The candidates and the Two Kingdoms

I’ve been studying the Lutheran doctrine of the Two Kingdoms, which has some interesting applications to our controversies today.  Christian defenders of Donald Trump are saying that his sexual transgressions show that he isn’t a saint.  But he is well-suited to the pragmatic, rough-and-tumble world of secular government, and that’s what we need in a presidential candidate.

Well, according to the doctrine of the Two Kingdoms, God’s spiritual Kingdom is ruled by the Gospel, but His earthly Kingdom is ruled by the Law.  That is to say, morality does apply precisely to secular government.

UPDATE:  Specifically, the first use of the Law, the civil use, which curbs external vices.  Though it cannot justify or get at our internal sinfulness, it restrains the outward expression of that sinfulness.  Such restraint and self-control can be practiced, to a certain extent, by all members of society, which depends on some kind of moral order.

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Non-denominational vs. confessional evangelicals on politics

Jacob Lupfer makes the observation  that non-denominational evangelicals tend to support Donald Trump, while “confessional evangelicals” (those committed to a specific theology) tend not to.

These are generalizations about leaders who are vocal about the election, not poll results of rank and file members.  But his lists of partisans on either side (see his article after the jump) hold up.

We confessional Lutherans are counted as “evangelicals” in surveys, based on our belief in the gospel of Christ and the Bible, though we are different from others in that camp.  We would doubtless count in the use of that term as “confessional evangelicals.”  As evident in our blog discussions, some Lutherans fiercely support Trump and others fiercely oppose him.

I don’t know how a majority of confessional Lutherans will come down on the election.  Because Lutheran confessions teach the doctrine of the Two Kingdoms, which distinguishes between the political and spiritual realms, there may be more political diversity among Lutherans.  Many confessional Lutherans are on the political left and many are libertarians.

But what would account for Lupfer’s observation?  Why would “mere Christians” support Trump, who himself makes some pretty strong distinctions and has a forceful ideology?  You would think that those who reject denominational distinctives and think all Christians should get along wouldn’t be attracted to Trump’s exclusive kind of nationalism.  And why would Christians with a distinct and forceful theology be so opposed to him?  You would think that these Christians often branded as “intolerant” would like Trump’s exclusive political ideology.  Somebody please explain this.

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How much money do people in different churches make?

This is an unspiritual topic that is none of our business and appeals only to our morbid curiosity.  The Pew Research Center has released findings about the income levels in different religious groups.  (Not just churches but religions and no-religions.)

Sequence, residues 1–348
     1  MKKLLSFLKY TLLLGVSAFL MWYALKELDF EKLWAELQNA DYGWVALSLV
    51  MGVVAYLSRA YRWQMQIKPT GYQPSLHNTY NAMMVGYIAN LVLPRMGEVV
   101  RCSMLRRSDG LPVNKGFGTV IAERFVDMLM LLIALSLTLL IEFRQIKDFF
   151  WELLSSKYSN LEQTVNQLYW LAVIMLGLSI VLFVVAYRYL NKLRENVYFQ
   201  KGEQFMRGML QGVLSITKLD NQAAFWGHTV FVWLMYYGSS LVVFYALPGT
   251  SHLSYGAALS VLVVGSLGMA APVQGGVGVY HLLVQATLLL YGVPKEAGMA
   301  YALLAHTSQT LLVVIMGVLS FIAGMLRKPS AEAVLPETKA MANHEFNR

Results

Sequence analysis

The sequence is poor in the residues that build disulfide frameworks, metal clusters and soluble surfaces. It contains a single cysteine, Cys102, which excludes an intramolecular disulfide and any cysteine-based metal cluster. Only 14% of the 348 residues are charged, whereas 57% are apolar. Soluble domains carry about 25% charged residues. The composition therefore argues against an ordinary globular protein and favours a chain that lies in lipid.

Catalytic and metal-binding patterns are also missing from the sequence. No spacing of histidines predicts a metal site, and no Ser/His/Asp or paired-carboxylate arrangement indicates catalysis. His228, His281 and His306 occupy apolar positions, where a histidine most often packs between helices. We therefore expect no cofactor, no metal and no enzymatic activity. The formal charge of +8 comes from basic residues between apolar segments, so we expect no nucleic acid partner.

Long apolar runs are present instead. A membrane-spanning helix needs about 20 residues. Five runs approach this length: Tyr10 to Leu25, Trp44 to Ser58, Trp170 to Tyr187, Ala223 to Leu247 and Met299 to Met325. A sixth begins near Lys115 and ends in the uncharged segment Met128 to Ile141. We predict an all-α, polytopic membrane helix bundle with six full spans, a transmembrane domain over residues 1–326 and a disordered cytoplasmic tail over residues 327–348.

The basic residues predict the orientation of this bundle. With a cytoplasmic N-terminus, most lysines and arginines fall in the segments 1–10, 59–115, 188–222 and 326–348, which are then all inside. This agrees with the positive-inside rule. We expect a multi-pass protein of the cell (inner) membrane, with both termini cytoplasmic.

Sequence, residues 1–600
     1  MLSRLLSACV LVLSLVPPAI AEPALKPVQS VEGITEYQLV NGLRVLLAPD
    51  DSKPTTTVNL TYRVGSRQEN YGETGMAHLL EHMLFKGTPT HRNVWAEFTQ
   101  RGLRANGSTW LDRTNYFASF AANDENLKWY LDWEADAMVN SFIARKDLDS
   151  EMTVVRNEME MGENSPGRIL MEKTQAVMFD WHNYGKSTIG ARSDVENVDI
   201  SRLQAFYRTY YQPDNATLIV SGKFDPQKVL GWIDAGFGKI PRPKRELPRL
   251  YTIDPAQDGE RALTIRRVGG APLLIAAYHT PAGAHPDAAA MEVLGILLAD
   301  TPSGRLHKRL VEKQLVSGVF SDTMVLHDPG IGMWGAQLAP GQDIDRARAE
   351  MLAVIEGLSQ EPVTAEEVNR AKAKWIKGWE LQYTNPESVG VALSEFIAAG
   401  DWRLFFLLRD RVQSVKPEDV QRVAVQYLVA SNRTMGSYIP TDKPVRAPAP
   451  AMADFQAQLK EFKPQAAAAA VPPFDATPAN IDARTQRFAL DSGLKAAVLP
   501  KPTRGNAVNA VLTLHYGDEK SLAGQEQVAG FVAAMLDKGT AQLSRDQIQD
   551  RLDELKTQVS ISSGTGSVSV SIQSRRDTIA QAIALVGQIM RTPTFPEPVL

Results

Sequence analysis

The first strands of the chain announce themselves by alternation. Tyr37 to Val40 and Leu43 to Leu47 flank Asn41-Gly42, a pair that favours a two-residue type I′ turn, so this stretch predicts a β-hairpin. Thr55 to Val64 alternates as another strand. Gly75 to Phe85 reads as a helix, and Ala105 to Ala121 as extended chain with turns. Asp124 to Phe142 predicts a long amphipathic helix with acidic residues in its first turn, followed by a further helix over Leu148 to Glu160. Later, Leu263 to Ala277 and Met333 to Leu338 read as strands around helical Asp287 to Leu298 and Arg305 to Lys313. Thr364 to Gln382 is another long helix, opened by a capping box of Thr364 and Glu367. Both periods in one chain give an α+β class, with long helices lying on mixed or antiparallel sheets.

It’s notable, for one thing, in including the Lutheran Church Missouri-Synod separately, unlike most polls that group us into categories that we have little affinity with.

Go here to see the chart:  How income varies among U.S. religious groups | Pew Research Center.

I have a few comments after the jump and then I’ll invite yours. [Read more…]

Ben Sasse is a “Lutero-Calvinist” 

Nebraska Senator and rising conservative star Ben Sasse describes himself as a “Lutero-Calvinist.”  Though he grew up and came to faith in the Lutheran Church-Missouri Synod and says he is “in love with the Lutheran tradition,” he is now a member of a Presbyterian Church in America (PCA) congregation.  He talks about his faith and his Reformed theology with World Magazine, excerpted and linked after the jump.  I then raise some questions. [Read more…]

InterVarsity gets tough on sex issues

InterVarsity Christian Fellowship has long been one of the best evangelical campus ministries, cultivating the Christian faith along with the life of the mind.  I had heard that it was slipping to the liberal side, but the organization has told its 1,300 staffers that they must support its statement on sexuality (that sex is only for heterosexual marriage), or they will be asked to leave.  Expect controversy to ensue. [Read more…]

In defense of small churches

Most churches throughout history and throughout the world have been small.  Today more than one billion Christians worship in small congregations.  Christianity Today author Karl Vaters has written a series of five blog posts on the subject “The Astonishing Power of Small Churches,” urging that contemporary Christians move away from the megachurch ideal and realize the unique value of small congregations.

Get started reading the first post after the jump, then follow the link for the other four.

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